Does White America still want democracy?

by Larry E. Davis

Our country has just experienced the most racially diverse voter participation in its history. Many people of color who have historically been left out of the electoral process are now actively engaged in it. This should be heralded as good news for a democracy. However, the angry, vitriolic response of legions of conservative White voters to the greater participation of non-Whites gives reason to question America’s continued commitment to democracy.

There is a wealth of historical evidence supporting the fact that many White conservatives have never been committed to a true democracy. It is likely the case that these individuals have been committed to the idea of “majority rule” only as long as it was their group which was in the majority. Although Whites still remain the numerical majority in the country, they are no longer the racially hegemonic group that they were once. Indeed, in numerous locales they are now a racial minority. There is little doubt that many Whites recognize that, as greater numbers of non-Whites participate in the electoral process, their complete political dominance is lessened. Subsequently, for them, “democracy as we now know it” has begun to attenuate returns on their social, political and economic interests. Not surprisingly, significant numbers of White people believe that something needs to be done to halt what they perceive as diminishing returns from our present democracy.

Prior to our most recent election, Americans had never witnessed such a manifestly blatant and unapologetic effort by a major political party to disenfranchise millions of voters.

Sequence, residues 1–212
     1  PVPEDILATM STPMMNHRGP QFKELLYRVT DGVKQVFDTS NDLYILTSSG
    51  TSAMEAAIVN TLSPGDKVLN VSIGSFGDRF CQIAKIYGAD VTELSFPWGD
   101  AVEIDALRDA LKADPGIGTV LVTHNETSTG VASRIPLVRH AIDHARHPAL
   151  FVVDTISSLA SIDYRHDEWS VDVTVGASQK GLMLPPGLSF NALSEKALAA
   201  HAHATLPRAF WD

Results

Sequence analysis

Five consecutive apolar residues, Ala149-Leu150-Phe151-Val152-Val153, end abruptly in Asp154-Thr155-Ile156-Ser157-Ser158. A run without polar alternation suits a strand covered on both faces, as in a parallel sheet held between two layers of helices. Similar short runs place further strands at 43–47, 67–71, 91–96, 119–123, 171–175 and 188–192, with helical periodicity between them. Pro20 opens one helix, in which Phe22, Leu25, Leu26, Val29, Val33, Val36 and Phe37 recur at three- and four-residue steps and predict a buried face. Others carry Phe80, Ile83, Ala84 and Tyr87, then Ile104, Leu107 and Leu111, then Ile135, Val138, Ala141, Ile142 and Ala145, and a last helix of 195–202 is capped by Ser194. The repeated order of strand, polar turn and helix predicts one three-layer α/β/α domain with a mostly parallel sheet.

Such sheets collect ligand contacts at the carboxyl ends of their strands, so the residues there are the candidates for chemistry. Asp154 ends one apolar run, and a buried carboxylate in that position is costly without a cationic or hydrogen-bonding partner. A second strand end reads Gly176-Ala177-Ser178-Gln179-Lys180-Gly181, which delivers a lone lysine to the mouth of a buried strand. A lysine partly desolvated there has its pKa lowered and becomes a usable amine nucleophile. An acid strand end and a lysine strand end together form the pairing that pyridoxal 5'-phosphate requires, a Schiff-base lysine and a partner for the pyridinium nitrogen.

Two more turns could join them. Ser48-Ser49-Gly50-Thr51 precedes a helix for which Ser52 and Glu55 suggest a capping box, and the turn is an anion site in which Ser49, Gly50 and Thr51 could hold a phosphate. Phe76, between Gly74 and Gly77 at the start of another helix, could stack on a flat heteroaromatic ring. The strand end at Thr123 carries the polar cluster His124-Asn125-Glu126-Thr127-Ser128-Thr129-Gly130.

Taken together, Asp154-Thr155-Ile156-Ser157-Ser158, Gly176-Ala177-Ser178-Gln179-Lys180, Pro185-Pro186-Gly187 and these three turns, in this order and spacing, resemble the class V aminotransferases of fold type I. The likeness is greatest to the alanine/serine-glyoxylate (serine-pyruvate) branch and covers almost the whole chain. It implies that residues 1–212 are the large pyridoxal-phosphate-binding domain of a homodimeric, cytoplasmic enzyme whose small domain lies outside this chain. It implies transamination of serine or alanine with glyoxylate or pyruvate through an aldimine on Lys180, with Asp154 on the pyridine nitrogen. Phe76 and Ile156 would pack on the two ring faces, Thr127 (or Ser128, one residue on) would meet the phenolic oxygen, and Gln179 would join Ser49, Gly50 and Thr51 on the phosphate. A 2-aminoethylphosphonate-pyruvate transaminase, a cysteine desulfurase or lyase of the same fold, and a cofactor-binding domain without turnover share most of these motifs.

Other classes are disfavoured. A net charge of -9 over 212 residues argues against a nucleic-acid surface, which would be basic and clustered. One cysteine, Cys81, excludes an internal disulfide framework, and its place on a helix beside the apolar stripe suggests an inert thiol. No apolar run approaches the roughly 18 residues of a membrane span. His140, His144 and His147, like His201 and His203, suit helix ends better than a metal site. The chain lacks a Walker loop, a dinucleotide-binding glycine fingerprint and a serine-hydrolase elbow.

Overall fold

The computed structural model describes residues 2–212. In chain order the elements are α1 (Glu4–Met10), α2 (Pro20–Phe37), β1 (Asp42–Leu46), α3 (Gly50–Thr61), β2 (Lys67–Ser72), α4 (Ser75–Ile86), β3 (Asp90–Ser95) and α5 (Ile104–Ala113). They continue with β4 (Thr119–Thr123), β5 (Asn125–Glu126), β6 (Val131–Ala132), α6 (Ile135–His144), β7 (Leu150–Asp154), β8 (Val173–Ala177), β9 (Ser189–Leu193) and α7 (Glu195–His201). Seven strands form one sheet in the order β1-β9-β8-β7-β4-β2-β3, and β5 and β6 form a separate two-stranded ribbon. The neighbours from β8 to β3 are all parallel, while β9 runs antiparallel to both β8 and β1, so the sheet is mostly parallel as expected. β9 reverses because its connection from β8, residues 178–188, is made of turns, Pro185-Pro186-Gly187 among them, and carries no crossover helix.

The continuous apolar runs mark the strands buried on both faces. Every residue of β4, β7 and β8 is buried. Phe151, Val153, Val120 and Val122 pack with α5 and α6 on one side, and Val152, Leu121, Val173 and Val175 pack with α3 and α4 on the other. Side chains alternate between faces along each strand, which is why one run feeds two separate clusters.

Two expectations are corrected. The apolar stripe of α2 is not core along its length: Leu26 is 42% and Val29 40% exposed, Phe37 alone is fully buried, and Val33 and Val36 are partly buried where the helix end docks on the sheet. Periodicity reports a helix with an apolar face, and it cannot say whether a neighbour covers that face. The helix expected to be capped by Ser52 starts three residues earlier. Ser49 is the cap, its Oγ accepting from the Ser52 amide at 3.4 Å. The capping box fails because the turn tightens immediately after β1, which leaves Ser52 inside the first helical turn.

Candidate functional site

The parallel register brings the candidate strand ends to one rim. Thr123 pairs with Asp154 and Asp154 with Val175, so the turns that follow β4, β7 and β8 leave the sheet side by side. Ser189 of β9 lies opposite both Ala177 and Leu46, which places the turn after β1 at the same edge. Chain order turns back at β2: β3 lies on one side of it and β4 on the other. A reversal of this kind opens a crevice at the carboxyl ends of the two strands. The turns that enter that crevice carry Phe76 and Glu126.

As would be expected, these attempts to undermine democracy served to immediately outrage Black people, whose votes were specifically targeted for disenfranchisement. But since Reconstruction, efforts to suppress the Black vote have been an ever-present feature of American politics. Noteworthy is that many liberal Whites expressed “embarrassment” by the readiness of such a large number of White Americans who seem only too eager to abandon their adherence to democracy. Being “embarrassed” is perhaps the politically correct expression, but I believe that many Whites, like most Blacks, were not just embarrassed but also filled with considerable trepidation. Indeed, it has been frightening to witness so many Americans willing to flirt with abandoning democracy.

So where do we go from here? I believe that the majority of White people still do want a democracy, but witnessing so many who appear not to accept its outcome is disillusioning, and clearly cause for concern. It would be naïve to believe, after this most recent election, that the efforts to disenfranchise people of color will simply fade away. On the contrary, given the closeness of so many elections, we can expect that there will be heightened efforts to truncate, in particular, the influence of Black people at the ballot box. Hence, the effort to sustain even the limited political gains which Blacks and other minority groups have thus far achieved will require continued engagement in what is an unyielding commitment to insuring greater voter participation—an effort perhaps best characterized as “Stacey Abramsism.” Part of this effort must include establishing and strengthening alliances with greater numbers of diverse constituents. Too often progressives have written off potential allies as being adversaries when it is possible that they might become political supporters. It is abundantly clear that if we are to sustain democracy there must be more deliberate efforts to garner greater political support for it.

Finally, the concerns which I have noted here are obviously cautionary. But not since Reconstruction has the political disenfranchisement of so many Americans been at greater risk. Our country is presently experiencing a racial reckoning, and perhaps as part of this difficult process it is also experiencing a reckoning with its commitment to democracy. As citizens, regardless of color or ethnicity, we must give serious consideration to how things might be if America’s commitment to democracy continues to be undermined.

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